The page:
E-commerce could drive the post-pandemic growth in South Asia, providing new business opportunities and access to larger markets. In India, e-commerce could create a million jobs by 2030 and be worth $200 billion by 2026. Fintech could drive significant growth and reduce poverty by building financial inclusion. For instance, Pakistan’s digital financial sector could boost GDP by 7%, if faster payment gateway, lower costs and fast track licensing are put in place. A timely, inclusive, and sustainable digital transformation can not only bolster productivity and growth but also serve as a panacea for some of the region’s socio-economic divides.
A checklist for change
To reap the dividends of digital transformation, South Asia needs to address legal, regulatory and policy gaps as well as boost digital skills. A robust digital infrastructure is a sine qua non and there exists a huge financing gap. India alone needs an annual investment of $35 billion to be in the top five global digital economy and public-private partnership needs to be leveraged for the region’s digital infrastructure financing.
Regulatory roadblocks need to be addressed as e-commerce regulations are weak in South Asia. For the sector to drive growth, issues such as customer protection, digital and market access regulation, etc. need to be addressed. There would be no digital revolution without universal digital literacy. Governments and businesses need to come together to revamp the education system to meet the demand for digital skills and online platforms. The crossflow of data and personal information calls for stringent cybersecurity measures as many have experienced painful lessons in data privacy during the pandemic.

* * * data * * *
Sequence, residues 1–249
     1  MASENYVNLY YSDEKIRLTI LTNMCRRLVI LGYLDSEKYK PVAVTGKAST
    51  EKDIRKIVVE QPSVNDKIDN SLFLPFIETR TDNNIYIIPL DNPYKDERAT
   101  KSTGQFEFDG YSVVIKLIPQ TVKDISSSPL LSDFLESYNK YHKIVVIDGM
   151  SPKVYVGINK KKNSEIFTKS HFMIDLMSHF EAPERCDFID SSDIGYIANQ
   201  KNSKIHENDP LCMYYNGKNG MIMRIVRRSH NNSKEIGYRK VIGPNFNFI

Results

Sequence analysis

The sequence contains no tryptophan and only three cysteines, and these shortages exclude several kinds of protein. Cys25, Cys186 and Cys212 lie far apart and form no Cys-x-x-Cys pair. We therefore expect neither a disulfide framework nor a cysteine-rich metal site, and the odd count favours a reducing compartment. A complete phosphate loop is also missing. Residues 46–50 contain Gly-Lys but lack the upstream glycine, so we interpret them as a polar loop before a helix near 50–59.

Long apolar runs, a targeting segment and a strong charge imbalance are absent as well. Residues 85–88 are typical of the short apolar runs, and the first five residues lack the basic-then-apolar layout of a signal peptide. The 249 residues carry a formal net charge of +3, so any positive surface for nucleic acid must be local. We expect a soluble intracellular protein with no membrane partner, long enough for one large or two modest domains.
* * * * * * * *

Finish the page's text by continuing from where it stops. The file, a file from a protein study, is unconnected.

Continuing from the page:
In South Asia, only a third of the inter-regional trade potential has been exploited, losing out on $23 billion in revenues (https://bit.ly/37ohgIr). By addressing issues such as regulatory barriers on currency flows inhibiting online payment to transport-related constraints for cross-border e-commerce activities, South Asia can emulate the European Union’s Digital Single Market Proposal.
During the pandemic, South Asian nations joined hands to collectively battle the crises by contributing towards a COVID-19 emergency fund, exchanging data and information on health surveillance, sharing research findings, and developing an online learning platform for health workers. If the eight nations (Afghanistan, Bangladesh, Bhutan, India, Nepal, Maldives, Pakistan and Sri Lanka) can start walking the talk, partnership for a successful digital revolution is plausible. It will need vision, wisdom, and commitment at the highest level of the region’s political leadership.
COVID-19 has rendered old ways of operating redundant. Concerted collaboration at all levels is needed to push South Asia out of stagnancy and towards a digital future of shared prosperity. The right concoction of regulatory and physical infrastructure, skill sets and regional cooperation can lead toward a digital utopia whereas, the lack of which can breed a dystopian tomorrow. Adequate support is needed for those who risk falling through the net of digital progress. A shared “digital vision” could place the region on the right track towards the Fourth Industrial Revolution.
Syed Munir Khasru is Chairman of the international think tank, The Institute for Policy, Advocacy, and Governance (IPAG)